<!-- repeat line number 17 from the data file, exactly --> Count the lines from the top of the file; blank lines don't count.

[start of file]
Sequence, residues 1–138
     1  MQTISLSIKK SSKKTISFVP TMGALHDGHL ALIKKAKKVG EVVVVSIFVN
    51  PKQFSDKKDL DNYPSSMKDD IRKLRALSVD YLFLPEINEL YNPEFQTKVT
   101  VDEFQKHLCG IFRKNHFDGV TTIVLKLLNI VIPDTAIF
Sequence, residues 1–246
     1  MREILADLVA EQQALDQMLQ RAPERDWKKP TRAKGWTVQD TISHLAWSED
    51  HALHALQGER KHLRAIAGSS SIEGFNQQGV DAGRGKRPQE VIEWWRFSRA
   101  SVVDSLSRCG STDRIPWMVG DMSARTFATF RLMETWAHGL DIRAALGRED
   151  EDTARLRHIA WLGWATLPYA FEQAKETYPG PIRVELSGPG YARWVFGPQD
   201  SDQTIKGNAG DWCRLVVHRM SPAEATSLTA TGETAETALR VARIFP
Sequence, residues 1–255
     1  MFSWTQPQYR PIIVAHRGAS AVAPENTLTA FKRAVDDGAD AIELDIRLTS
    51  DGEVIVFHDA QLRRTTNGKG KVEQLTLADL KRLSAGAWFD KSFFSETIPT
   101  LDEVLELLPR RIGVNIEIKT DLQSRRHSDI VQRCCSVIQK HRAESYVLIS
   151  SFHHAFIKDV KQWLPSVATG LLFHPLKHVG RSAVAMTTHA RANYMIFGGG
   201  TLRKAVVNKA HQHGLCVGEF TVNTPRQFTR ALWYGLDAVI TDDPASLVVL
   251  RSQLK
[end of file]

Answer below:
   251  RSQLK